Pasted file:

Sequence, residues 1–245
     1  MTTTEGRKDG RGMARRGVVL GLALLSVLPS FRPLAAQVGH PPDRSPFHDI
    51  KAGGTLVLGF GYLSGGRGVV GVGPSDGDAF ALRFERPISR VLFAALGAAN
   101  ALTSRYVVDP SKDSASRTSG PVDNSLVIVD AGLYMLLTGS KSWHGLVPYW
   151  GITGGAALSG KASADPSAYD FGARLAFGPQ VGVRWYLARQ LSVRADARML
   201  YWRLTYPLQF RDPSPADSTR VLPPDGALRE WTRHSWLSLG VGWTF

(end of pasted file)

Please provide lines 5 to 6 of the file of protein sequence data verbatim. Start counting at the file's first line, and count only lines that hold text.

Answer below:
   151  GITGGAALSG KASADPSAYD FGARLAFGPQ VGVRWYLARQ LSVRADARML
   201  YWRLTYPLQF RDPSPADSTR VLPPDGALRE WTRHSWLSLG VGWTF